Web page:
I was one of the buyers. This sounds insane, but it was true in the darker months of 2020 and 2021: A game of Catan was a Brigadoon of cheer in an America gone rotten. Even now, a game of Catan at the end of a workweek — with all its slights, disappointments, imperfections and imbalances — settles a bit of the chaos. Or at least brings a gathering of friends together for more than repetitive gossip. It doesn’t require a cosplay fetish or a familiarity with specific lore. It takes skill, but not mastery; rookie players can win. It urges exuberant competition, not destruction. Players are in a race to accumulate points, and territorial disputes occur, but they are not truly at war…
Neil Genzlinger, for the NYTimes (also a gift link):
… “In the beginning, these games were just for me,” he told Forbes in 2016. “I always have stories in my head — I would read a book, and if I liked it, I wanted to experience it as a game.”
That was the origin of his first big success, a game called Barbarossa, which grew out of his admiration for the “Riddle-Master” trilogy, fantasy books written in the 1970s by Patricia A. McKillip.
“I was sorry to see it come to an end,” he told The New Yorker in 2014, “so I tried to experience this novel in a game.”
In 1988 that game won the Spiel des Jahres (Game of the Year) award in Germany, considered the most prestigious award in the board game world, Germany being particularly enthusiastic about board games. He won that award twice more, in 1990 (for Hoity Toity) and in 1991 (for Wacky Wacky West), before scoring his biggest success with what was known in German as Die Siedler von Catan…
Mr. Teuber told Wired in 2009 that creating Catan felt different than his other efforts.
“I felt like I was discovering something rather than inventing it,” he said.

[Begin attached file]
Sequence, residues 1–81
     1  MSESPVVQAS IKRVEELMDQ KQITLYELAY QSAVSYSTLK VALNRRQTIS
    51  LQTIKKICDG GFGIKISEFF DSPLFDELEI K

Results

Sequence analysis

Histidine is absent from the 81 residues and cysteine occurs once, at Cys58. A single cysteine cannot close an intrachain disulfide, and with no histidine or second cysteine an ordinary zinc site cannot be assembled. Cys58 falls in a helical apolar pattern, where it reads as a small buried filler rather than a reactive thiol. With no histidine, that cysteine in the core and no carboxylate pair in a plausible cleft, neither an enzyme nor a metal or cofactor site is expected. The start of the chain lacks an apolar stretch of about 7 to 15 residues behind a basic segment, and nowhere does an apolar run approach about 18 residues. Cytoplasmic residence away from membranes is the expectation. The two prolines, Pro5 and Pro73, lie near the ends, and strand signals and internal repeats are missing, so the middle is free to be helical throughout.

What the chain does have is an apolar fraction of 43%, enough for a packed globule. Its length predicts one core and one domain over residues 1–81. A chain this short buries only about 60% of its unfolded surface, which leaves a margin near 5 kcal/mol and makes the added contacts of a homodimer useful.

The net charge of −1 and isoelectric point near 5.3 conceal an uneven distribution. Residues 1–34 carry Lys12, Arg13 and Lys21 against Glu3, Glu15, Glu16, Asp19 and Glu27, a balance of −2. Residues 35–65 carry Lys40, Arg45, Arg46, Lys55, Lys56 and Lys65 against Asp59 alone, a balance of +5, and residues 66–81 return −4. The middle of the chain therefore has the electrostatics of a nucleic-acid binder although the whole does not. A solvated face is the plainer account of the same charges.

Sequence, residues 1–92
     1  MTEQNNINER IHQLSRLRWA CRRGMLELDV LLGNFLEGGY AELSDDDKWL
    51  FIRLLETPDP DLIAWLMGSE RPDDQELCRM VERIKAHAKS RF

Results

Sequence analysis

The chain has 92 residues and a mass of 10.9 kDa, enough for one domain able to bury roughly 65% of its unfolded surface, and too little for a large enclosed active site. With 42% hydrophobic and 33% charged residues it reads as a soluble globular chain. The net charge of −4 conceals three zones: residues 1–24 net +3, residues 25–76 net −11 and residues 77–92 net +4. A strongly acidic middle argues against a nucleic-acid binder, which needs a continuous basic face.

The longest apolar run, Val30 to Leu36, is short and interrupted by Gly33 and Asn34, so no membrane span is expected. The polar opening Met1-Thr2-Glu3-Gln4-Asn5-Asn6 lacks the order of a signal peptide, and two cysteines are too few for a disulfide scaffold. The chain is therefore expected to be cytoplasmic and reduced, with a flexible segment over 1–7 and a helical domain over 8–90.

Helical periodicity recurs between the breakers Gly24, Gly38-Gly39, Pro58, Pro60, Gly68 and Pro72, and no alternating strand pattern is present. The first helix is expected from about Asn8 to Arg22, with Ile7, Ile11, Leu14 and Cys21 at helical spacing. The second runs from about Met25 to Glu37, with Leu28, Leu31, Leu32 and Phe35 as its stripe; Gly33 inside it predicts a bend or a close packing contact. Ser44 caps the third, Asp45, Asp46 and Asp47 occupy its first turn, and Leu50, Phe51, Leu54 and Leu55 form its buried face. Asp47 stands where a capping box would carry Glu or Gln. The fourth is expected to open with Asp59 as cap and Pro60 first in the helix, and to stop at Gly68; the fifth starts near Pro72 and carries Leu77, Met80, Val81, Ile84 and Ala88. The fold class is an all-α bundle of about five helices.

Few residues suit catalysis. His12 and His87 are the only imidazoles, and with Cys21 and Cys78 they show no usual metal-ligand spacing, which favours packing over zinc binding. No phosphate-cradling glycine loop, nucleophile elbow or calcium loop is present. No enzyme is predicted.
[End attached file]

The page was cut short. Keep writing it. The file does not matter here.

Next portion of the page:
The initial run of 5,000 sold out so quickly, according to Wired, that Mr. Teuber didn’t even have a first-edition version. Within a few years he was able to give up that stressful day job and devote himself to games full time.
Catan has been widely hailed as being challenging yet intuitive — children play it — and has been credited with jump-starting a new era of board games, which moved beyond the staid confines of Scrabble and Monopoly. Instead of sitting idly while other players take their turns, as in Monopoly, Catan invites constant wheeling and dealing.
“The secret of Catan,” Mr. Teuber told Wired, “is that you have to bargain and sometimes whine.”
For Mr. Freeman, that is what elevates it above older games.
“I truly believe Klaus created the greatest board game of all time,” he said. “Both complicated and approachable, it combines skill, luck, strategy and my favorite aspect: the power of persuasion. You can’t talk your way into winning a game of chess, but you certainly can in Catan.”…
Last year, in an interview with Nikkei Asia, Mr. Teuber was asked why he thought Catan was so popular.
“There may have been a good balance between strategy and luck,” he said. “For example, roulette is only about luck, and chess is all about strategies. However, if you win in Catan, you think, ‘My strategy was good,’ and when you lose, you might think, ‘I was just out of luck.’ This is the same as life.”
Ian Bogost, at the Atlantic, grudgingly admits that it wasn’t bad when “We Settled for Catan”:
Board games are hostage situations. “C’mon, it’s fun!” your brother or so-called friend says, and then for the next two or eight hours you’re stuck. Rules are read, cardboard chits are distributed, and rounds of wit or chance (or both) transpire. But it is fun, because the joy of gaming first involves accepting arbitrary rules just to feel the sensation of having embraced them.
And yet, board games are terrible. Candy Land is stupid, Scrabble takes too long, Risk is how you learn your dad is an asshole, and Monopoly—let us not speak of Monopoly. Better, nerdier options have long existed (Diplomacy, Vector, Gettysburg—not to mention chess, go, backgammon), but the same few products dominated American rugs and tabletops for much of the 20th century, and thus defined board-gaming as a mainstream activity…
Why did Catan become so popular? Not because the game is good. Look, Catan is fine, but both connoisseurs and amateurs tend to tolerate it more than love it. That’s the game’s secret: Teuber fell upon a design that every kind of player—geeks, kids, your mother—could stomach playing.